Wednesday, February 1, 2012

Ophthalmology 100 years ago

I was interested to follow the story of Mrs. Patmore, the house chef in "Downton Abbey," (which, if you're not watching, you really should be). Toward the end of season 1, Mrs. Patmore was losing her vision to cataracts, to the point where she was making dangerous mistakes in the kitchen. Rather than fire her, her employer sent her to London for surgery, and she eventually returned able to see. What exactly was the procedure for dealing with cataracts in 1914?

I checked in with the closest available source: my father, an ophthalmologist. He informs me that cataract surgery was regularly done back then, but it was a pretty barbaric procedure compared to how it's handled today. There were no implants to replace the lenses, so doctors simply removed the clouded lenses and fitted the patient with thick glasses. Even this was usually an improvement over advanced cataracts, which blocked out most light. But the procedure of removing a lens from an eye was very dangerous: there were no sutures available for stitching up the eye post-operatively, patients had to remain perfectly still for weeks afterwards to allow the eye to heal (held in place by sandbags), and the chances of infections and other complications were very high. Nonetheless, Mrs. Patmore's prognosis was certainly possible, although if she's walking around without glasses in season 2, that will be a bit surprising.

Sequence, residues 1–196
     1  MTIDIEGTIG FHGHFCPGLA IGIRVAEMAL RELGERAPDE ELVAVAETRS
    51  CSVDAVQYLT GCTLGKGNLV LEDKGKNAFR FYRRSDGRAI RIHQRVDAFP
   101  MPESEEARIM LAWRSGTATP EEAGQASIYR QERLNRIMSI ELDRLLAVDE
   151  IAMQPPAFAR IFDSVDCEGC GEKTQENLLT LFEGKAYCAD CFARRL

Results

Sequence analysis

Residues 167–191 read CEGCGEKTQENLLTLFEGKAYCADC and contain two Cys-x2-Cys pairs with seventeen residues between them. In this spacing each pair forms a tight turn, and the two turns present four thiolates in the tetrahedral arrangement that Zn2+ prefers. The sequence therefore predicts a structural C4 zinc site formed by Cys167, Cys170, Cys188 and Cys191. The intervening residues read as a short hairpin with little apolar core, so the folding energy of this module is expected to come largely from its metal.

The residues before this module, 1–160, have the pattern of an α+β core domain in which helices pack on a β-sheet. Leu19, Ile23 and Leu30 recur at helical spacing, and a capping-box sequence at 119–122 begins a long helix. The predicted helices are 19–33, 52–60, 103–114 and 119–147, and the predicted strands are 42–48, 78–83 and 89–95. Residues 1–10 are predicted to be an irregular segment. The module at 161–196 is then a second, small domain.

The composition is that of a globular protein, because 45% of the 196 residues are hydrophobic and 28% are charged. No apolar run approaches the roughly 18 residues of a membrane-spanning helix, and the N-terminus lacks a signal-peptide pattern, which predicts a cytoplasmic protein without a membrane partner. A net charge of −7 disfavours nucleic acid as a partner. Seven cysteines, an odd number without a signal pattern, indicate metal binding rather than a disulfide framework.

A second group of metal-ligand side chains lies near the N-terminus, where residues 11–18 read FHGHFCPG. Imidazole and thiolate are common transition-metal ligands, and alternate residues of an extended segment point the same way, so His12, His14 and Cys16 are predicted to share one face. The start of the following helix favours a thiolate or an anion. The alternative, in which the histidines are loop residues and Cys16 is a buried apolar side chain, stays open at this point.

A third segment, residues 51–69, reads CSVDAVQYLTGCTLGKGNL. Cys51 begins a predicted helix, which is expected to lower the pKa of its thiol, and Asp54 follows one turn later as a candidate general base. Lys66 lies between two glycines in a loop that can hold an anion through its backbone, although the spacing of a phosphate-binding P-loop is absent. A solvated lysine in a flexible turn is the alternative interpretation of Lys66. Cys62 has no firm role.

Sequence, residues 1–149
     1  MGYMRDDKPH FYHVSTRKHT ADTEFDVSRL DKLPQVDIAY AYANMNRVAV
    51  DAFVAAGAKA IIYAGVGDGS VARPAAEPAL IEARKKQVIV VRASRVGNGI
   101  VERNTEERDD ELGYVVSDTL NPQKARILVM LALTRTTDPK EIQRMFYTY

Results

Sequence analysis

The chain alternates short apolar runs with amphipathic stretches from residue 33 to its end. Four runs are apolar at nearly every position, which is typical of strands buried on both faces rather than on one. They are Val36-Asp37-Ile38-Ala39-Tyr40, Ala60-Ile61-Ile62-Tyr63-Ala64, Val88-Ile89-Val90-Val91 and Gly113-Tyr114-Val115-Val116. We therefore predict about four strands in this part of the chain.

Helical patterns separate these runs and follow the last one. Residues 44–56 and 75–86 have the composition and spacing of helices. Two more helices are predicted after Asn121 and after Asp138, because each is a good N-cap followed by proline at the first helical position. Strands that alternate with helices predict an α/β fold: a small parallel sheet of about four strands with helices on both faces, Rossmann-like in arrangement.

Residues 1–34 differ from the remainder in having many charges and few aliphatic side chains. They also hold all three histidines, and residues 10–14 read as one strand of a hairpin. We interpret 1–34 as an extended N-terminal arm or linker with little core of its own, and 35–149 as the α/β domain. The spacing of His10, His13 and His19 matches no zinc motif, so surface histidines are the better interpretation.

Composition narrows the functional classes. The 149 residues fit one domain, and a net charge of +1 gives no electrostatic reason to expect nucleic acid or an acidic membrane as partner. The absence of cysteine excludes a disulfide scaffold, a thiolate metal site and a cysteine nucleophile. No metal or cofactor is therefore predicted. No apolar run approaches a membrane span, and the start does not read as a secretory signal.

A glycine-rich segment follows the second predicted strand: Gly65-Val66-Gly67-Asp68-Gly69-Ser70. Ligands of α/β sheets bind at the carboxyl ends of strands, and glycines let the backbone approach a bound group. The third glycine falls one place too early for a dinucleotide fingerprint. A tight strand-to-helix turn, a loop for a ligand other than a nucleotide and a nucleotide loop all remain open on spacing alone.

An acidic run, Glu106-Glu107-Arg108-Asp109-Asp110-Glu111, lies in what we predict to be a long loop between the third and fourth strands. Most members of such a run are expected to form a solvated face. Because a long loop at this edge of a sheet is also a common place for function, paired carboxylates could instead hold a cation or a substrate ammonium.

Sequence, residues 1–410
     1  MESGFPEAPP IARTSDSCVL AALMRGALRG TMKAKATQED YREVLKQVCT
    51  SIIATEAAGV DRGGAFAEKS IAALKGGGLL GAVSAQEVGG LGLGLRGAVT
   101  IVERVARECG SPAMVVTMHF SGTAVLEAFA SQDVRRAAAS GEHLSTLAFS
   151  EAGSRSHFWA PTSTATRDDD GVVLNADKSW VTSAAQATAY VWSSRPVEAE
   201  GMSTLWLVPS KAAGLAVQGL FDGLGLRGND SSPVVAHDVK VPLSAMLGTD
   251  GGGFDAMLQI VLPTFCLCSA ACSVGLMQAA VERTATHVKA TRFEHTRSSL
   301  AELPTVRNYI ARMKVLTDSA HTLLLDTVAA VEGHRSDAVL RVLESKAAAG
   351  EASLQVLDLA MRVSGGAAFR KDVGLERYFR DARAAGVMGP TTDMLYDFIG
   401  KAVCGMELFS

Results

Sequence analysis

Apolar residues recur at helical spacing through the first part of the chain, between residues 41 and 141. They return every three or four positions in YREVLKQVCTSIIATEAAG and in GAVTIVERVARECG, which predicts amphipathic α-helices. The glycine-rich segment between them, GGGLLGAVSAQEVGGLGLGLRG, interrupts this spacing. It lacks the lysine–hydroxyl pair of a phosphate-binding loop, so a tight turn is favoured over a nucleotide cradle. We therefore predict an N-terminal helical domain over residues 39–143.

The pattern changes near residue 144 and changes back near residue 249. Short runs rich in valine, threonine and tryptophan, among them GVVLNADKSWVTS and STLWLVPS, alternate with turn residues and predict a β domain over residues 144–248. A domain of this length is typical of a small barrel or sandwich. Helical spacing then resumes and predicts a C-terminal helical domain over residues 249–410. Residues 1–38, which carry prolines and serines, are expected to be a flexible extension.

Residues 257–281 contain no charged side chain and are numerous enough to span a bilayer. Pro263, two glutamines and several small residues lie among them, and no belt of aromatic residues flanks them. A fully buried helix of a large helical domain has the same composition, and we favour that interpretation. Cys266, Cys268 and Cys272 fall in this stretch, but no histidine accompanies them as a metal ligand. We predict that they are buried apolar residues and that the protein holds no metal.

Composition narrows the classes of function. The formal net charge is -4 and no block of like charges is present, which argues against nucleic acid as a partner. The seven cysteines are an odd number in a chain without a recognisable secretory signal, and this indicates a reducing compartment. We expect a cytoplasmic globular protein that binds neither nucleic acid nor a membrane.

Meanwhile, as a followup, where did lens implants come from? According to my father, it had to do with World War II ball turret gunners on bomber aircraft. It was common for the gunners to be hit by shards of the plastic from which the ball turrets were made, and occasionally these shards would wind up in the eyes of the gunners. Doctors at the time found that the eye was remarkably tolerant of the plastic shards and few infections developed. It was later theorized that such plastic could be molded into a replacement lens for cataract patients.


Eric said...

As ever, Seth, you are a font of information, both political and otherwise.


Seth said...

I do try.

toby magmire said...

There are many types of disease which can cause many problem in eye and Ophthalmology is a surgery which can protect against serious disease.